"What advice did Yisro give Moshe Rabbeinu
?" Mrs. Schwartz asked at the beginning of parshah
Many of the sixth graders raised their hands. Mrs. Schwartz pointed at Ruth. "Yisro advised Moshe to appoint judges who would help him judge the people," Ruth answered.
"Mrs. Schwartz," Brochah asked," Yisro's advice makes sense. Appointing judges seems like the logical thing for any leader to do, especially since there were over 600,000 people to lead. Why didn't Moshe Rabbeinu come up with the idea himself?"
"That's an excellent question, Brochah," replied Mrs. Schwartz. "If you think about it, the question becomes even greater. One of the reasons HaShem chose Moshe as a leader was because He saw how Moshe cared for each and every one of the sheep in his flock. But here, it seems that Moshe was not aware of the people's needs. Instead, it appears to have been Yisro, an outsider, who understood and suggested a plan to make life easier for everyone.
"There is another incident later in this parshah that can help us answer this question," Mrs. Schwartz continued. "What was the Jewish people's reaction when they heard the first two of the Aseres Hadibros from HaShem?"
"They were frightened," replied Sarah. "They asked Moshe to speak to them instead of HaShem."
"Oh, I see," Shoshanah called out. "Here we have exactly the same question. Since Moshe was such a dedicated leader, shouldn't he have known that the people would not be able to listen to HaShem's voice directly?"
"Good thinking, Shoshanah," Mrs. Schwartz praised. "Now I'll explain. Moshe Rabbeinu was a dedicated leader and he knew his people very well. He was so devoted to his people that he wanted them to hear and understand HaShem in the same way that he himself did. He was able to lift them up to this level, and they could hear HaShem's voice directly.
"But the people wanted something different. 'Moshe,' they told him, 'you are doing so much for us by raising us to your level. Still, we want to understand HaShem's words on our own level.' We see that HaShem agreed. 'They have spoken correctly,' HaShem said. So for the remaining eight Dibros, it was Moshe and not HaShem who spoke to the people.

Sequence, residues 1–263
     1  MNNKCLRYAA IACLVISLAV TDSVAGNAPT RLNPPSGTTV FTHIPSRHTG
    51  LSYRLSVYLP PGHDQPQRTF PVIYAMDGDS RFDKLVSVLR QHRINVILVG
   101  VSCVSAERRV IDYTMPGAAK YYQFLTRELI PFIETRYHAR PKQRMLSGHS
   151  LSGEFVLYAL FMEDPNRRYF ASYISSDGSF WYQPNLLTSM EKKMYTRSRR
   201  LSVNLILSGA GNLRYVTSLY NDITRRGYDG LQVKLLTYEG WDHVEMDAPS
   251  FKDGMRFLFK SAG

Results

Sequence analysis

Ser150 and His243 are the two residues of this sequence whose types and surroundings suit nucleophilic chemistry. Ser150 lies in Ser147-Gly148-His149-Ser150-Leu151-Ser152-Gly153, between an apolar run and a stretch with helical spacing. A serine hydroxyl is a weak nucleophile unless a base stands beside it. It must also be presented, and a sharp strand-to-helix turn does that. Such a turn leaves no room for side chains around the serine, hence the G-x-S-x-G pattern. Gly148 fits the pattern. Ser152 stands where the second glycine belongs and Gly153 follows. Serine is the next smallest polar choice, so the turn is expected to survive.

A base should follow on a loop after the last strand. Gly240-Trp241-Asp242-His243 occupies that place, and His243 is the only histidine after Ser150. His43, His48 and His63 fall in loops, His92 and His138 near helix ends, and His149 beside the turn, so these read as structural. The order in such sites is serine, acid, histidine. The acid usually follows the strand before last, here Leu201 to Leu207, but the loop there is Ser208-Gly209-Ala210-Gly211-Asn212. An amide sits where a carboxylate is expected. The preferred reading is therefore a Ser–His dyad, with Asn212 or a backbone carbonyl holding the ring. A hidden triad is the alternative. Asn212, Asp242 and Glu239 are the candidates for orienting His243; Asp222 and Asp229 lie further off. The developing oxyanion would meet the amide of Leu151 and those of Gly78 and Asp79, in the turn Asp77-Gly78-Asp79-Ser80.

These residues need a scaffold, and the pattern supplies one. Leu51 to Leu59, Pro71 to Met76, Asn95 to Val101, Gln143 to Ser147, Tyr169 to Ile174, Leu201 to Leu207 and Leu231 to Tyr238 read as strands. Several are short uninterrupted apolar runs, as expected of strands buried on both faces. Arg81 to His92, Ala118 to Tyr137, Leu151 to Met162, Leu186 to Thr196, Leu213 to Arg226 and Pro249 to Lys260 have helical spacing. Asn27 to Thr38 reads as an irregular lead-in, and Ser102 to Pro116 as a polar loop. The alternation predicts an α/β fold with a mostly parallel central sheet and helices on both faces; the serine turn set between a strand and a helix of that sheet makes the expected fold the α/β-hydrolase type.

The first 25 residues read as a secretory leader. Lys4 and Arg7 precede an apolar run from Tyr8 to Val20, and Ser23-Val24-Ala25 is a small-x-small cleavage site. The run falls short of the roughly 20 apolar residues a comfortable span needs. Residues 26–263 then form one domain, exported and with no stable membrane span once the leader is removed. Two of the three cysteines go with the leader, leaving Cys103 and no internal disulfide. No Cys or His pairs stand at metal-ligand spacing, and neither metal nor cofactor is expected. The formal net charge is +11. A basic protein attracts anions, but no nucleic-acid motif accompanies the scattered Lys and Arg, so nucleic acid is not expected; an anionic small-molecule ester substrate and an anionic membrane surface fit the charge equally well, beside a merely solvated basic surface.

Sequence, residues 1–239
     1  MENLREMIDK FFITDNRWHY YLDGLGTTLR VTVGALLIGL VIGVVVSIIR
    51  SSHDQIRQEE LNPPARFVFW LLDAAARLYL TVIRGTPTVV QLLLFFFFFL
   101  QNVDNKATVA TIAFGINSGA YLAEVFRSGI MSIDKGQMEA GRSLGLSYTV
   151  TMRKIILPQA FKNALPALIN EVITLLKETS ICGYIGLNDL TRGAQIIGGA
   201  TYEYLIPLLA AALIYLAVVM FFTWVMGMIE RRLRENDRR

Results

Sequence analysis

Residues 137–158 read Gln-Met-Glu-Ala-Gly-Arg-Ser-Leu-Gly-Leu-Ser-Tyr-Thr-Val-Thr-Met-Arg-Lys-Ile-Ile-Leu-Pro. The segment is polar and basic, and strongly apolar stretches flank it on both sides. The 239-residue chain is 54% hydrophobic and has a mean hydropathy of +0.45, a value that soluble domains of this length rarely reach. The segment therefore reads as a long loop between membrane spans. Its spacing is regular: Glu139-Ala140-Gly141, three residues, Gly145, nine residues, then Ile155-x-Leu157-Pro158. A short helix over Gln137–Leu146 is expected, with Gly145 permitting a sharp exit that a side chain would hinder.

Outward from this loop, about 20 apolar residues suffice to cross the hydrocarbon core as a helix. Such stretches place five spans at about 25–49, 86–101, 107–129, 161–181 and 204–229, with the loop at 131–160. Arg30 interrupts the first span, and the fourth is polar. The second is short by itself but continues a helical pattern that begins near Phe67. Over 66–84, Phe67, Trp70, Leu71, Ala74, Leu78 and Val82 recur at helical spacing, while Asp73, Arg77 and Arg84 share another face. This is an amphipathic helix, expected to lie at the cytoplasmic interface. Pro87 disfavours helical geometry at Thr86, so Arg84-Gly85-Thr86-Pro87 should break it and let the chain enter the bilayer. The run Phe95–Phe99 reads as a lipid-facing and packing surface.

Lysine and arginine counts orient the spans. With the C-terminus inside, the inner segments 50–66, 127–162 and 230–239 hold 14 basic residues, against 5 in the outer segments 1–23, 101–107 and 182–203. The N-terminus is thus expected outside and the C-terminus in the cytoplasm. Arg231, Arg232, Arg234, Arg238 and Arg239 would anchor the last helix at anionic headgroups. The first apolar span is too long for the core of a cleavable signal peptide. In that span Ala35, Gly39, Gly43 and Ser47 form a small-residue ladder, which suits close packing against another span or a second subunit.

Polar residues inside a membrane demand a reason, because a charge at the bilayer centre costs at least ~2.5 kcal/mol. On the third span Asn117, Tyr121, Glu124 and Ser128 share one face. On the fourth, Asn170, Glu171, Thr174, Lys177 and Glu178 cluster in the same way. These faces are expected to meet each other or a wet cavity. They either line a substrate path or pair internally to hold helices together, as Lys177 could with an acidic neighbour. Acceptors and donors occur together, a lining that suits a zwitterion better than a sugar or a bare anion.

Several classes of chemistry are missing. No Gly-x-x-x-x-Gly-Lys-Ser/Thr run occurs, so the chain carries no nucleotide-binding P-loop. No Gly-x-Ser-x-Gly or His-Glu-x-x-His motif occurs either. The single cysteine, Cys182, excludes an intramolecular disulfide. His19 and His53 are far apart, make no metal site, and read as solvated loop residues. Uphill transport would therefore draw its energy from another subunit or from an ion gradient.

"Now we can understand why Moshe wanted to judge the people himself. He wanted to lift them up and give them the chance to understand HaShem's wisdom like he did. But Yisro saw that it wouldn't work; the people couldn't always be uplifted to Moshe's level.
"He told Moshe: 'You bring them the word of HaShem. Teach them the Torah and the mitzvos and tell them how to lead their lives. But appoint others to help you judge.
" 'When you are teaching people Torah,' Yisro told him, 'you can raise them to your level. But when they have an argument and need to be judged, they are not on your level. Then they cannot be uplifted to hear the word of HaShem the way you can. Appoint others to be the judges.'
"We see that HaShem agreed to Yisro's advice, and Moshe appointed judges. Having a group of wise leaders like these judges to guide the people was important - and not only at the time Yisro gave his advice. It would become even more important in the future when the Jewish people would enter Eretz Yisrael and Moshe Rabbeinu would no longer be there to lead them."
"Mrs. Schwartz," Tzipporah raised her hand, "are you saying that Moshe Rabbeinu wasn't thinking about the future?"
"No. Just remember, this was before the sin of the Miraglim," explained Mrs. Schwartz. "There was no reason for Moshe to think that he would not lead the Jewish people into Eretz Yisrael. As we know, the original plan was that the geulah was supposed to come after Moshe brought the Jews into the land. At that point, the Jewish people would learn Torah from Mashiach who, like Moshe Rabbeinu, would uplift them and enable them to hear the words of HaShem directly."
(Adapted from Likkutei Sichos, Vol. XVI, p. 203)